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The growth report – an economic health check for January

February 1, 2011

A few weeks ago I sketched five reasons why the UK economy is going to struggle to grow this year.  To me, these aren’t reasons to despair, but reasons to ask more questions about growth in the first place. Like a dog chasing its tail, pursuing growth in a fully developed, over-consuming society is a waste of energy and ultimately futile.

Since infinite growth in a finite universe is illogical, I believe a post-growth economy is actually inevitable sooner or later. We’ll get there eventually, hopefully by planning it and steering ourselves there, rather than ending up there by painful default. The occasional growth reports that I put together here are really a sort of check-up on our progress, intentional or otherwise, towards that post-growth society.

So in review, here’s January’s economic health check on the UK economy.

  • The Office of National Statistics recently announced its latest quarterly growth statistics, and Britain’s economy shrank by 0.5% in the last three months of 2010. This was due in large part to a severely cold December, but growth would have been “flattish” even without that.
  • New inflation figures were also released, clocking in at 3.7%. This too was higher than anyone expected. Since wages have stagnated, it means that we’d actually be getting poorer as individuals even if the economy was growing.
  • Inflation means there’s too much money in the system, which is counter-intuitive when the banks are apparently reluctant to lend. The way to control inflation is to raise the price of money – the interest rate. That’s still being held at a record low at the moment of 0.5%. This is a huge dillemma for the monetary committee. If they raise interest rates, it will be more expensive to invest, and low investment means lower job creation at just the time when the government needs aggressive expansion to offset its budget cuts.
  • The FAO’s Food Price Index is at an all time high, and the price of oil tipped back towards $100 a barrel because of concerns over Egypt’s stability (and thus access to the Suez Canal).
  • Data from this morning shows the average house price falling o.1% in January.

In response to this welter of bad news the government has promised a “budget for growth” in March.

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5 Comments leave one →
  1. Bill Clarke permalink
    February 1, 2011 1:07 pm

    I am dubious about inflation being too much money in the system.

    How can that be when practically everyone is short of cash and has to borrow? – and there is a credit crunch?

    It’s more likely that the the fact that businesses are short of cash and have to borrow and then struggle to pay back capital and interest. To recoup what is, in effect, a loss, they raise their prices. That is inflationary.

    Domestic inflation today is caused by the rise in global commodity prices and the falling exchange rate of the pound. So they are sold on the domestic market with higher prices. That is inflationary.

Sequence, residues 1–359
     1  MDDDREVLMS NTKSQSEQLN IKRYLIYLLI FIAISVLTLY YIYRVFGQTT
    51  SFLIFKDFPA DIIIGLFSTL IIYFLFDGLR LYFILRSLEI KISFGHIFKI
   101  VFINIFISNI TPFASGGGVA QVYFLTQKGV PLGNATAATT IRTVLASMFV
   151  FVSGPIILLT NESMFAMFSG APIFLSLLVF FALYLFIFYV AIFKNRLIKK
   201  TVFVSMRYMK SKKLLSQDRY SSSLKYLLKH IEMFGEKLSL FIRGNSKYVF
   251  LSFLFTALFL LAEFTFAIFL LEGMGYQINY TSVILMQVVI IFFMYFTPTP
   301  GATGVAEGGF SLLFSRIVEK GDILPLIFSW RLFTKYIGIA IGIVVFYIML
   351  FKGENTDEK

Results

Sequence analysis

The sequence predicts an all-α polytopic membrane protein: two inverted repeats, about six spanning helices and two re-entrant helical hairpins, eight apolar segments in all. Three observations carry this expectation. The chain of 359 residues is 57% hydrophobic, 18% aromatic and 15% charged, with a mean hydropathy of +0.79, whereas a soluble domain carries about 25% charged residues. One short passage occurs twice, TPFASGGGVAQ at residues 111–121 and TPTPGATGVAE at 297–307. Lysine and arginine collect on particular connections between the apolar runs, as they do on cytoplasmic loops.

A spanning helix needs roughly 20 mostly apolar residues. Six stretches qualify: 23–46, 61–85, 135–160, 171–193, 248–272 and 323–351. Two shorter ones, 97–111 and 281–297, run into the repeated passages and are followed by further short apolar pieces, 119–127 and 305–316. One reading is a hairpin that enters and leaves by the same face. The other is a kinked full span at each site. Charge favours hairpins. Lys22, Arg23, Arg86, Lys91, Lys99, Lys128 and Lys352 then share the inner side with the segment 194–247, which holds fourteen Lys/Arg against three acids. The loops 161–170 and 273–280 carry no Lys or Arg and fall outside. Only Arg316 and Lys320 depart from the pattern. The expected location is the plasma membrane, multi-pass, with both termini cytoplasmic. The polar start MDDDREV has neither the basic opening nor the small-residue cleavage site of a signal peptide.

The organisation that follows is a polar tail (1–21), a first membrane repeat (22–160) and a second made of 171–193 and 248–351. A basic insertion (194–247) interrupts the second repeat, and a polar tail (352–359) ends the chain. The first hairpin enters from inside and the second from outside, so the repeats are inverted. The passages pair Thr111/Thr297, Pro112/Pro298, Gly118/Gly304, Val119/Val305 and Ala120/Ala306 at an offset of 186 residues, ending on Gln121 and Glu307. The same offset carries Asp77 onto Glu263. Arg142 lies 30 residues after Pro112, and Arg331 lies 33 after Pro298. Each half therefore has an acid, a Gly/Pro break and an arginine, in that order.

• February 2, 2011 4:48 pm

      True, scarcity is a big factor in inflation at the moment. It’s clearly demand that is driving the oil price, for example. I say there is too much money because it has been too easy to borrow, meaning the money supply has run ahead of economic growth. The property market over the last decade was the biggest problem, pumping new money into the economy through mortgages without the rising incomes to pay for them. We’re in the hangover of an easy-money decade.

  2. February 2, 2013 9:15 pm

    This economic masochism is unnecessary and damaging. The underlying health of the UK economy is much better than the forecasts suggest; and the scope for action is considerably greater. Over the past two decades – up to and including the recession – productivity grew faster in the UK than in any other G7 economy. While a small part of that reflects the growth of the financial sector, most was due to improvements in the UK labour market, a higher skilled workforce, and a more competitive economy. But the OBR is arguing that over the next two years, potential productivity will only grow at about half that rate, and that we will make up little or none of the output lost in the recession. This is a self-fulfilling prophecy: if we believe it, it will be true. But it doesn’t have to be.

    • February 3, 2013 8:58 am

      This was written in January 2011, and I think it was entirely right to be sceptical about claims of a swift recovery. The situation is different today.

  3. November 26, 2013 11:31 pm

    It is often said that petroleum energy is the lifeblood of modern civilization: the indisputable driver of the unprecedented development and prosperity the world has experienced over the past century. But how can that precious energy source translate effectively into economic growth and higher living standards in the very nations that are blessed with an abundance of oil and gas? When we review the performance of oil-producing countries in attaining broad economic development, we find mixed results. Of course all host countries, whether developed or developing, are driven by budgetary needs to maximize tax revenues from their petroleum resources. While taxation is necessary, I believe it is insufficient to achieve desired development objectives. The development of oil and gas resources depends more on capital than labour, and exporting oil and gas neither generates maximum returns from these precious resources nor creates large numbers of jobs within the local economy. As a result, the benefits are typically not shared broadly across society.

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